Combat the Fear of Failure in 5 Easy Steps

by Nick on May 29, 2018

Combat the Fear of Failure in 5 Easy Steps (1)Society has always viewed failure as a negative thing. However, if you never fail, you probably never take risks either. You probably never take risks because you fear failure. It’s a closed loop and you are the only one who can break this cycle. Never taking risks and always playing it safe severely limits your potential in life. It also tends to make life rather dull.

People thought I was crazy to leave the practice of law to build a ghostwriting business. Maybe I was. But let me tell you, I was definitely scared. I feared failure and success! More on that later on the blog.

At the start of any endeavor, most people think about what they will achieve if they succeed. But many also think about the risks, or what will happen and what they will lose if they fail. You may lose money or respect. You might get embarrassed. You may lose the love of the person you love most in the world. You may even risk death if you fail in some situations.

It is essential that you put your fear of failure into perspective. That will allow you to overcome your concerns and move forward towards potential success with the understanding that failure usually does not mean the end of the world. Here are five ways you can combat the fear of failure.

1. Realize you are not alone in your fear of failure.

Most people have this fear, and everyone has a limit regarding what they are willing to risk. For example, you may not be willing to try anything that puts your life in jeopardy.

You may not want to do anything that puts your relationships with loved ones on the line either. You may only be willing to risk a certain amount of money.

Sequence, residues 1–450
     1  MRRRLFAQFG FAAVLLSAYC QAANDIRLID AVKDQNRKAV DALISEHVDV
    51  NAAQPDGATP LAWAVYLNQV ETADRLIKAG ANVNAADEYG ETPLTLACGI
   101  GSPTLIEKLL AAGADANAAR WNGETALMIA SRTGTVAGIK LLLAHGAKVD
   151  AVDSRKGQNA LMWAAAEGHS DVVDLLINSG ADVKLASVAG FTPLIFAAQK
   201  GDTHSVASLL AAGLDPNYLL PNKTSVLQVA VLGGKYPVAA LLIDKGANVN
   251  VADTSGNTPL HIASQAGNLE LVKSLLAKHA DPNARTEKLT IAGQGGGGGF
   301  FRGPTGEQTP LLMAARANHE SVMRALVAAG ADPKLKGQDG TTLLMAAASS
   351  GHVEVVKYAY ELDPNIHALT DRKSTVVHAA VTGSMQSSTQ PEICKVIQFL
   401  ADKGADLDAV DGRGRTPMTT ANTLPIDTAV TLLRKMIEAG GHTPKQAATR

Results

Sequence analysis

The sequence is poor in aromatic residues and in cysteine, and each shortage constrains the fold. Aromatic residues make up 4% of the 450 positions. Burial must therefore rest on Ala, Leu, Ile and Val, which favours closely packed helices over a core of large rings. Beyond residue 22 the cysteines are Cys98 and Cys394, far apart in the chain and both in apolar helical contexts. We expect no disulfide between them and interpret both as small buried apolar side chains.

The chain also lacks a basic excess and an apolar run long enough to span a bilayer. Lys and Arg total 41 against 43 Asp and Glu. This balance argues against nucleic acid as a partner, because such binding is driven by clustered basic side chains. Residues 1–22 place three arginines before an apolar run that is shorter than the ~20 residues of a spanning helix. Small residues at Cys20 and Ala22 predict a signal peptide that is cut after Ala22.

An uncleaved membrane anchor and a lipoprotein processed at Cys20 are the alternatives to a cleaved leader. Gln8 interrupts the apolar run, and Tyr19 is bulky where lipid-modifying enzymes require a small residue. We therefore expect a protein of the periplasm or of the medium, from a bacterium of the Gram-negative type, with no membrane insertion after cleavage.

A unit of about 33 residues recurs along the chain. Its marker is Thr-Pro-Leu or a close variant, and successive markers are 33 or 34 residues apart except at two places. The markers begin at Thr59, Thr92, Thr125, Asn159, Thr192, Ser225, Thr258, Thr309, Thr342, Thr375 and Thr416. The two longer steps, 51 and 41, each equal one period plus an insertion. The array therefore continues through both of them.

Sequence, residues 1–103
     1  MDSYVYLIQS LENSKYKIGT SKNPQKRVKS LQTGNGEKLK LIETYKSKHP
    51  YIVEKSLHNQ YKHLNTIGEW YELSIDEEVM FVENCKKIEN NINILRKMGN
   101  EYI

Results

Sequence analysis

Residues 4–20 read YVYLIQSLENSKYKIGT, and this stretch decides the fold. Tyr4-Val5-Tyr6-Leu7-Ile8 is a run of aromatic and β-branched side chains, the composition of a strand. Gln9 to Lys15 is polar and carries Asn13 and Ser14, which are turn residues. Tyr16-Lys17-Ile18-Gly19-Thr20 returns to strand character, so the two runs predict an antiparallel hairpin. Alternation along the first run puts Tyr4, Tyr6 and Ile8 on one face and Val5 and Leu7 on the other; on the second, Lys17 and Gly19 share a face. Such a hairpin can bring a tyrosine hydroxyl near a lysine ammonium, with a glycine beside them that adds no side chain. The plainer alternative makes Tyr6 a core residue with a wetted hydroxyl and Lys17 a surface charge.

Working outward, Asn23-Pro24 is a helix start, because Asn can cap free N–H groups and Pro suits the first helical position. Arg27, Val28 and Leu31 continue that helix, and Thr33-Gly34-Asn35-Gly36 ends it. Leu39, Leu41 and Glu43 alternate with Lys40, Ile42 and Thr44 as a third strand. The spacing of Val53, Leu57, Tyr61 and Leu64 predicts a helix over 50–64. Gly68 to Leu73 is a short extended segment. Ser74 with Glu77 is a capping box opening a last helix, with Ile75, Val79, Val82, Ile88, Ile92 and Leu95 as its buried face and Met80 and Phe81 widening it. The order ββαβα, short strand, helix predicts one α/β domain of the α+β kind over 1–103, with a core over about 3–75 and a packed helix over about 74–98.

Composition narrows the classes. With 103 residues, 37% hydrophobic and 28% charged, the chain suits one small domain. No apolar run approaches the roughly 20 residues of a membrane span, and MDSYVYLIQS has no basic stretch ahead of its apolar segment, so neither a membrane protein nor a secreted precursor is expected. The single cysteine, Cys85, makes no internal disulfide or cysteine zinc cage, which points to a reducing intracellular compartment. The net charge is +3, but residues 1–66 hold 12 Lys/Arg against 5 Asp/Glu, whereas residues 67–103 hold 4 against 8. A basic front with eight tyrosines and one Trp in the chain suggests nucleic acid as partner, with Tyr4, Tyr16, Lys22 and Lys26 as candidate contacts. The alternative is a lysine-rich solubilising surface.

The first step to putting the prospect of failure into perspective is to have a reasonably clear understanding of how much you are willing to risk. What is your limit?

2. Focus on the endeavor you are about to embark upon.

What are the potential risks if you fail? Try to be as specific as possible. Write down the potential dangers. Also, write down the fallout of those risks. For example, if the risk is the loss of all your savings, the result may be that you cannot afford to retire or to send your children to college. What are the risks, and how do those risks affect your life now and in the future?

3. Are any of the risks you have identified beyond the limit you established in step one?

That is where you determine whether the potential risks are worth it if you fail as compared to the potential reward if you succeed. Does the risk involve something you are not willing to lose? Does the possible failure affect people other than you?

4. Identify your fear.

Do you fear the loss of something, such as money or some other asset, or do you fear failure?

Failure may depress you or cause you to feel embarrassed. Feelings such as these are the basis for fearing failure, but these feelings can be overcome rather quickly if you do fail.

5. Move forward with the risks worth taking.

After taking the first four steps, you’ll have a much better idea of what risks are worth taking and how any failure will affect you and others. If you feel that the chances are worth the potential award, the only thing left to do is to move forward with your endeavor. If you identify risks not worth taking, you can go back to the drawing board and come up with a new plan. You can also decide your fear of failure was appropriate and move onto something else entirely.

How do you combat a fear of failure?

The most important thing you can do to combat your fear of failure is to address it head-on. Fully identify the potential failure and it will affect you or someone else.

What is the absolute worst thing that could happen? Are you willing to face it?

After your assessments, you will know whether you are eager to move forward or not.

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